The decision to start taxing income trust distributions came at a time when telephone rivals Telus and BCE announced their intentions to convert into trusts, which would see federal government losses climb to $800 million annually. Flaherty stepped in to curb this development by announcing a tax rate on trust distributions that start at 34 per cent and will drop to 31.5 per cent by 2011.

While this tax rate is effective immediately for new trusts, there is a four year grace period for existing trusts until 2011. Most trusts in the oil and gas sector are taking advantage of the extra time to assess the situation, said Freeman.

“A lot of trusts have found that the pressure to distribute their cash flow was not working well from a business perspective — there’s no cash flow to reinvest into their assets. So changing the model would go away from needing to distribute all the cash flow; as well, a corporation is a much simpler structure and better recognized by markets and foreign investors.”

Despite a sharp drop in unit prices since Oct. 31, stronger trusts are still able to continue to grow, raise money and make acquisitions, said Freeman. But the smaller royalty trusts with weaker balance sheets or who may be more dependent on natural gas will be pushed towards other options.

“I’ve been practicing for close to 30 years in Calgary and I have never seen an issue handled this badly by the federal government and the Department of Finance,” said Freeman. “They have left a deep sense of frustration among the Calgary bar, who feel that the rule of law and the ability to persuade politicians and governments to do the right thing has been seriously undermined. It shouldn’t have come to this.”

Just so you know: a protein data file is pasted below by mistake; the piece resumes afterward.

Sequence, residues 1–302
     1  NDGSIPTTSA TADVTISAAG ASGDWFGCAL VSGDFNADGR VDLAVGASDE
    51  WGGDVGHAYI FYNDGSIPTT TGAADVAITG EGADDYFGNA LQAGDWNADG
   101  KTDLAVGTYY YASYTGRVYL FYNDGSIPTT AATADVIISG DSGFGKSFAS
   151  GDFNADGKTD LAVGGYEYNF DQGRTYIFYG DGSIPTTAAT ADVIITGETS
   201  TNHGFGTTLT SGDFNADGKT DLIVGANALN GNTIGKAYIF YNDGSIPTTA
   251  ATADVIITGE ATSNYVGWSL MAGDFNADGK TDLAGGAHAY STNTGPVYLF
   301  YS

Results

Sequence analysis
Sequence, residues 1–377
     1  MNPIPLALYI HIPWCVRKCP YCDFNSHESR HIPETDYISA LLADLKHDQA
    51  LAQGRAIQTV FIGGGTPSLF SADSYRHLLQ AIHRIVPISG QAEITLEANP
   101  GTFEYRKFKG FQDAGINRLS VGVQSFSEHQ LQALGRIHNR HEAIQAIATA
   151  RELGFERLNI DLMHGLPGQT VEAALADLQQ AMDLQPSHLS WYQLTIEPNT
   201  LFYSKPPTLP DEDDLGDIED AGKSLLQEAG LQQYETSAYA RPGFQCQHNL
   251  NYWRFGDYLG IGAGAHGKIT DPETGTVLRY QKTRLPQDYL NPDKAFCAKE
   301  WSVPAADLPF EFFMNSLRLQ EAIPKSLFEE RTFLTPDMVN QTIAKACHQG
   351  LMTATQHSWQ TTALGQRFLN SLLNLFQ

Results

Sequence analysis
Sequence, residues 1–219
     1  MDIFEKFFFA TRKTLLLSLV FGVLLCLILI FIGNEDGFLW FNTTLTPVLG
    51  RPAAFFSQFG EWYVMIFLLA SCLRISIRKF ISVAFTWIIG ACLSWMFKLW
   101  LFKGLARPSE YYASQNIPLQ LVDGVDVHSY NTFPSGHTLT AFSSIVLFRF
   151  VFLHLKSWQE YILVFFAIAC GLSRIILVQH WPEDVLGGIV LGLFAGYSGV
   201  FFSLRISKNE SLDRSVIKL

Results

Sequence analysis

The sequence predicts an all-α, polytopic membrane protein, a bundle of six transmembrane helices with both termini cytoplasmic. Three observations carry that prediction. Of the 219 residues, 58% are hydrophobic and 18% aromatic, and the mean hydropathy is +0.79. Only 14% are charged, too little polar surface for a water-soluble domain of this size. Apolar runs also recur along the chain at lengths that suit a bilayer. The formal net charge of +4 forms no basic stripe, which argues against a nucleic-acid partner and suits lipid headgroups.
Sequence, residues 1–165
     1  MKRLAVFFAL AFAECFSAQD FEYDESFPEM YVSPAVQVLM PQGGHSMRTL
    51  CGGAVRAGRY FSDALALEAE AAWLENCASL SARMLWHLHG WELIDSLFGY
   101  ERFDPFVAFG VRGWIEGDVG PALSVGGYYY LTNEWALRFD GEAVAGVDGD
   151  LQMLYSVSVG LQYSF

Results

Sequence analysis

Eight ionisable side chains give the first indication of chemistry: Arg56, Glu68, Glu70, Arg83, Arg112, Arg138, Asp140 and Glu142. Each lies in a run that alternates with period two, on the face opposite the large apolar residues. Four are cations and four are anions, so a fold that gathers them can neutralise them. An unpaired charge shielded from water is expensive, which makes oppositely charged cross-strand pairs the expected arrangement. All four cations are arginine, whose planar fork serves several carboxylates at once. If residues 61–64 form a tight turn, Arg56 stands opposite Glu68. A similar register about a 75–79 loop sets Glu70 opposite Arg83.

Weighing the options
“Now that the law has passed, it’s clear that trusts need to actively consider their options.”
These options can include sellout transactions to private capital or foreign investors, adjusting their distribution policy or changing their structure to that of a corporation.

Between now and 2011, lawyers across the country are helping their clients to strategically assess all of these options during a period of continued uncertainty as to what a trust can do going forwards.

Many trusts will want to become corporations just because of the certainty in the tax rules for that structure, predicts lawyer Robert Kopstein of Borden Ladner Gervais.

“My sense is that trusts who foresee themselves as being high-yielding in the future are in a holding pattern until the rules on conversion come out. Currently, coming out with these rules is seen by the government as a low priority issue as it is assumed that trusts will want to take advantage of the grandfathering period. Everybody is frustrated by this as they want to be able to make intelligent planning decisions ahead of time.”